Last year I was looking for the best advice on irons to enhance my golf game and was thrilled to buy the RAZR X irons – steel shafts, as per the paid club-fitting session with the golf professional. Why the club-fitter sold the steel shafts? Not sure, but hindsight says there might have been a better option other than what was in stock and perhaps on sale?
I aggravated an old elbow injury (a dislocated elbow with a broken funny bone, which was repaired with steel pins) and I had to stop before the end of the season last year. After taking 2 months off to heal the inflammation, I felt the steel shafted irons were contributing to the “tennis elbow” pain and felt a lighter swing weight would help alleviate further damage to my elbow. Anxious to get this issue resolved and get my irons ready for this upcoming golf season, I met with another golf professional who was extremely helpful, informative and wondered why the “professional club-fitter” didn’t ask me about any physical limitations.
After weighing my 7 iron, comparing that weight to other graphite irons, hitting balls with those other graphite shafted 7 irons, we concurred that a different shaft would be best. So she sent me on my way to Golfmart to discuss options with them, because her expertise is with TaylorMade equipment and felt they would be helpful with the Callaway irons.
This is where the apprehension begins, because I know going to the big box golf stores to purchase anything is always a drill of dejection. I will be ignored, dismissed and misguided until I just give up and leave the store.
I brought in my 7 iron, just in case I could talk them into putting in a different shaft so I could try it out on the course. I could decide whether or not this was the right shaft and replace it in all my other irons.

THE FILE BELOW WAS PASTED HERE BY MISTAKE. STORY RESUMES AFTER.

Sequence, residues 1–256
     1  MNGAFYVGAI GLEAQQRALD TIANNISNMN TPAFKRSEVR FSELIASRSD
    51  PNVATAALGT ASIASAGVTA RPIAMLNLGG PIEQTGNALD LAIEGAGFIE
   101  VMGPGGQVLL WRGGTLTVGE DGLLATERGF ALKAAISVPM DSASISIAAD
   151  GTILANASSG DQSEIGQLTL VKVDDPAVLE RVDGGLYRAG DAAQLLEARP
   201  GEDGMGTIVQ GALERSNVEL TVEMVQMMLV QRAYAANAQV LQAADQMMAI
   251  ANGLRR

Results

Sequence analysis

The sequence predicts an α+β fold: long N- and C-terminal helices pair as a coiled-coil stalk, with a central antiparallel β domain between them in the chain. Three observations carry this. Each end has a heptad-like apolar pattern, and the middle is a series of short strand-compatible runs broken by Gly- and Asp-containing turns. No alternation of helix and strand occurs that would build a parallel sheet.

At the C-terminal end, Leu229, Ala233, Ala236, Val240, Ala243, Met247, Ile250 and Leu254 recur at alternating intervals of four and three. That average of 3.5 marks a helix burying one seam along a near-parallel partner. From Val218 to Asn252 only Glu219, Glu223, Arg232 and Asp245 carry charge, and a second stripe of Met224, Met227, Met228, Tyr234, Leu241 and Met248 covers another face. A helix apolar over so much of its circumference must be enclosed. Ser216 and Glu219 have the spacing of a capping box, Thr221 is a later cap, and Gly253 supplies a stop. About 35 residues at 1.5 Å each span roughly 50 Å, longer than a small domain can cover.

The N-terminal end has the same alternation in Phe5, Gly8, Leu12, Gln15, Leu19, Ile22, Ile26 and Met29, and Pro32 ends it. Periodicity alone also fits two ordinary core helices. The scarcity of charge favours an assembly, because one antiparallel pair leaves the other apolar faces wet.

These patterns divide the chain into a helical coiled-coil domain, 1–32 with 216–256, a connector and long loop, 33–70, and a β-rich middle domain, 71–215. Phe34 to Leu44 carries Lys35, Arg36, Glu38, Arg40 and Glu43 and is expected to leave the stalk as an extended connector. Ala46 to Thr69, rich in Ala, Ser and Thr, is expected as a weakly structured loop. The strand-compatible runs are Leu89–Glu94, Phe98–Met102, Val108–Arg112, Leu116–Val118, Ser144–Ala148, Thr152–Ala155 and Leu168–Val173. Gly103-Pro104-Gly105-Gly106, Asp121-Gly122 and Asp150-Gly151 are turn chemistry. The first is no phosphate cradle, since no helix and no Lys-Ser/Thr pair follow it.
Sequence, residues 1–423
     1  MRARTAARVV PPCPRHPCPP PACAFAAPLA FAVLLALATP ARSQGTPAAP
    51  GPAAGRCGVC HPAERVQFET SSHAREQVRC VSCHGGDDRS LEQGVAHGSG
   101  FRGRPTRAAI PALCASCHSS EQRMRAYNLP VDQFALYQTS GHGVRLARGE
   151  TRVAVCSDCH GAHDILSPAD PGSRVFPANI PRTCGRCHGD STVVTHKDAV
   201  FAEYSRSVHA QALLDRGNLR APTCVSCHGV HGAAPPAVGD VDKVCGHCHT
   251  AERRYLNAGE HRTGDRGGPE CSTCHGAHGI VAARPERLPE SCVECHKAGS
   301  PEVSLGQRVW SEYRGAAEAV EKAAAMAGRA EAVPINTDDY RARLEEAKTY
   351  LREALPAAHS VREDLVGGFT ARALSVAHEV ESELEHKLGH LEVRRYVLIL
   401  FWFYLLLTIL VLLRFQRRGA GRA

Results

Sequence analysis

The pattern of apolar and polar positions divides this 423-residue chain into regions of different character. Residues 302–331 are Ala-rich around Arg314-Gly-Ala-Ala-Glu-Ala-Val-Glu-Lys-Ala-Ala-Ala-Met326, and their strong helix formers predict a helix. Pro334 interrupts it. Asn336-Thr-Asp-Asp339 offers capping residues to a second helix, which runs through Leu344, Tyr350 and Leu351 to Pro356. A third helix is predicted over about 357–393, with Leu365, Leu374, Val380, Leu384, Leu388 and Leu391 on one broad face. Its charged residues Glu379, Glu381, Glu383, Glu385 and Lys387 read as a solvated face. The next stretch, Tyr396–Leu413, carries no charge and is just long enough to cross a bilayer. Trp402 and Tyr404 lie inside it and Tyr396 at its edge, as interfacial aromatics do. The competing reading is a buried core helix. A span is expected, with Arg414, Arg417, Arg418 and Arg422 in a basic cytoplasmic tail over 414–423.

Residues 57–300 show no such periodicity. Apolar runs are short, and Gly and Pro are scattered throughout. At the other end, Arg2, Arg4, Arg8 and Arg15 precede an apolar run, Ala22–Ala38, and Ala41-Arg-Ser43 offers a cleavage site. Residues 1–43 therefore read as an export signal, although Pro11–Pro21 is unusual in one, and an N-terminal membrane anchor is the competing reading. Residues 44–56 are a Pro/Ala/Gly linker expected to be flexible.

I asked for the golf pro’s recommended guys at the club-fitting area and they weren’t there. I should have left then. The first guy I spoke with in the club-fitting area, listened to me for a less than a minute, and then dismissed me to another employee. Ok, maybe he is new and this other guy is the expert. I again stated that I would like options for replacing the shafts due to the swing weight. The first words out of that guy’s mouth, “You don’t want to do that. It will cost you $25 -$30 per new shaft and another $20 each for us to install them.”
Did he ask me how much I was willing to spend? No. I anticipated the cost around $50 for each iron and was willing to spend that amount. It was blatantly clear he wasn’t interested in replacing the shaft when he walked me over to the used clubs and shows me the graphite set that included the 3 & 5 woods. I let him know I don’t need the additional woods and he stated “We don’t break up these sets and that’s how it is sold.” He then just walked away.
Yes, that is correct, he just walked away. I stood around for a bit, looked at other used clubs and wondered where he went. The drill of dejection was apparent and I was in self-denial that it couldn’t just keep happening… could it? It’s 2013! Rice and Moore are members now at Augusta.